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Role of the private sector participation in tourism development in Nigeria




The study is on “Role of the private sector participation in tourism development in Nigeria”. The study has four objectives and four research questions. Diagnostic survey design was used as a process of data collection in order to achieve the research objectives and to test the hypotheses. The study area was Ogwashi-Uku Town.  The rural dwellers were summed up to only fifty since they could be reached easily and two other stakeholders namely, the public and private sectors were used for the study while one each of the two categories was randomly selected to pre-test the research instrument for a more accurate data Three semi-structured questionnaires were used to collect data from all the respondents of the three population groups. The findings show that the private sector is a major contributor to the development and sustainability of tourism project. That there are various factors affecting tourism development among which are: poverty, lack of awareness, crime, insecurity, congestion etc. That tourist is conscious of the security of the lives and properties and the mode of transport as well as attraction found in the tourist destinations. The study therefore recommended among others that the private sector should collaborate with the public sector and other stakeholders to provide an enabling environment for tourism to thrive and as a result basic infrastructural facilities such as good and motorable roads, portable water supply, constant electricity and security of lives and properties. The government should provide soft loans to private investors who wish to invest massively in the tourism industry and give them the necessary support to ensure that they strive and succeed.




There is a growing recognition that innovation approaches must be adopted in order to maintain the economic health of a number of countries, communities and regions. While conditions vary from region to tourism, tourism has been seen as an important from of economic development. It has also been promoted as a somewhat benign agent of economic and social change, a promulgator of peace through interaction and dialogue, and a service based industry capable of creating employment and income. However, in countries and states with tourism traffic, there is also an awareness and knowledge of the more intangible and indirect economic cost of tourism. Experiences has show that destinations can rise and fall in popularity, driven by various factors in the destination’s internal and external catastrophe, demanding and supply-side problems. Tourism incorporate the conservation of the environment and the preservation of the historical and cultural heritage of a people that makes leisure a meaningful event (ukene, 2003)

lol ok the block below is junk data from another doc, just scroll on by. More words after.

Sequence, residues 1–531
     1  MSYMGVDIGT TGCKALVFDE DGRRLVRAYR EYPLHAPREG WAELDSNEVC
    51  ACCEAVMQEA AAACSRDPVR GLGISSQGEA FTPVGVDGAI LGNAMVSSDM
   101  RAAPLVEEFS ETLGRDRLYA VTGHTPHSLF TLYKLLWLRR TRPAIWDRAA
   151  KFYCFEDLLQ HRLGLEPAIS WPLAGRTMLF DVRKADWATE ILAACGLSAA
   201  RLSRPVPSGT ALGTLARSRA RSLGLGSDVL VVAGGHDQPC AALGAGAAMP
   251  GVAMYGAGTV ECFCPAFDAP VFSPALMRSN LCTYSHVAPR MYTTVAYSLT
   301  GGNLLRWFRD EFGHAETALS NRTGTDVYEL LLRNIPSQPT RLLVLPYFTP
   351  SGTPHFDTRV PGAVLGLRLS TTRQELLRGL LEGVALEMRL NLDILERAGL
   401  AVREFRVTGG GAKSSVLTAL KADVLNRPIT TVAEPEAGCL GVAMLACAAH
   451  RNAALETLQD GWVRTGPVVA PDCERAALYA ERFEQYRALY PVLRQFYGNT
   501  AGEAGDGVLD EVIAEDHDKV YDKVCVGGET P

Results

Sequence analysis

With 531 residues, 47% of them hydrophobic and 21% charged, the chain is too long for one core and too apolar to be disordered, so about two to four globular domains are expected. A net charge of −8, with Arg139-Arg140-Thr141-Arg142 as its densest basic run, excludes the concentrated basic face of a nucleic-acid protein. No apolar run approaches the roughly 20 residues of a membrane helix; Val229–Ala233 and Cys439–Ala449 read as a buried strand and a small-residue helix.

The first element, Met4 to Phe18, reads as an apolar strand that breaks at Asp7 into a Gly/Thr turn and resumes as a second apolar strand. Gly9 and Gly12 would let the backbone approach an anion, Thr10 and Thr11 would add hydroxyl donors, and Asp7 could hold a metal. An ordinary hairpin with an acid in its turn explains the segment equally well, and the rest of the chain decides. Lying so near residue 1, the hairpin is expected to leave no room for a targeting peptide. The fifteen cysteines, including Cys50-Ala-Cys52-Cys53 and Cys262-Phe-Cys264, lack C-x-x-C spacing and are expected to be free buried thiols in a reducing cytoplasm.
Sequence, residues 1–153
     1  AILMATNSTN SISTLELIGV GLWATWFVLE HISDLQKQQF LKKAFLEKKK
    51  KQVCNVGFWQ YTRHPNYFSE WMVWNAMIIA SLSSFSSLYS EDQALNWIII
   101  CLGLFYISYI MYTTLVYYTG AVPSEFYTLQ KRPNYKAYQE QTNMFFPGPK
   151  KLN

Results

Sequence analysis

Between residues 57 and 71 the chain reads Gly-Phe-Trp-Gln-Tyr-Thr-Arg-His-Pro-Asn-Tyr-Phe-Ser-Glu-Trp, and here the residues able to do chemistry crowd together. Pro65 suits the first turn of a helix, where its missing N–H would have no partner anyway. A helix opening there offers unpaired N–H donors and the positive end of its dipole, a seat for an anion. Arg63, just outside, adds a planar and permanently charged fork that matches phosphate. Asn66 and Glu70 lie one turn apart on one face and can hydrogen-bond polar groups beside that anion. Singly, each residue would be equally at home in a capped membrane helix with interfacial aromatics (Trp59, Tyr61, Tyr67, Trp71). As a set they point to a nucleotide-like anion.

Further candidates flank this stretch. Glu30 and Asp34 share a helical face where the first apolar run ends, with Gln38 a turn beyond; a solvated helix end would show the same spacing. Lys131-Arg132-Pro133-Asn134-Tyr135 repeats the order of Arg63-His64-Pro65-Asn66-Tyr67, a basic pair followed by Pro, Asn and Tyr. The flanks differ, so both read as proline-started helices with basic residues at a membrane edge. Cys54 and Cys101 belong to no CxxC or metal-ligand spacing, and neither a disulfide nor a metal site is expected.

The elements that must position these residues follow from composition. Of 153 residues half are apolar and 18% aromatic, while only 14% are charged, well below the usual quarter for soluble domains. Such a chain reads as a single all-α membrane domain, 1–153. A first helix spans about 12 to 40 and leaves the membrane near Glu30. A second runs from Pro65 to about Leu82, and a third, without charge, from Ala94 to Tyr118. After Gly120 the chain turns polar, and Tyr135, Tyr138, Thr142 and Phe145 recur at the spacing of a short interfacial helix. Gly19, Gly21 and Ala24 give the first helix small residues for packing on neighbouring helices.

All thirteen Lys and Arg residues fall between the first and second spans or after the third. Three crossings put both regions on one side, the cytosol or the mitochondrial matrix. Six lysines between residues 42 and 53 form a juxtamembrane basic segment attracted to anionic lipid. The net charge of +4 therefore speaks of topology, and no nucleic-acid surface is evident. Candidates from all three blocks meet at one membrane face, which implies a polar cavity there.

Tourism is all embracing; it involved the interaction of other components such as transportation, communication, accommodation and destination among others. These sectors can be singularly handled by the government alone as they constitute pillars of tourism development. (  Akpet 2005). Therefore, the private sector must, of necessity, be involved in the development and promotion of tourism in any country that intends to make tourism the mainstream of her economy.

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Nigeria is a nation that is blessed with both human and material resources that have expanded to huge tourism opportunities for the nation that cut across cultural-tourism, religion tourism, e tal, all these have created wealth of opportunities for the nation and investors to make further their wealth creation plan and create employment opportunities for Nigeria.

According to Zurbito (2013), Tourism is T-totality of duly organized service systems required by tourists, with O-objective to experience and enjoy the U-uniqueness of an undisturbed environment in a R-resting place complimented with activities, where I-income is generated from infrastructures and S-sustained services rendered by persons, M- motivated to nurture and preserve the natural resources, in order to pamper people of today and future. The above definition is to give justice to “TOURISM” and intended enrich the study of tourism since tourism is currently practiced as the world’s leading economic activity employing, and being enjoyed by the largest number of the world’s population.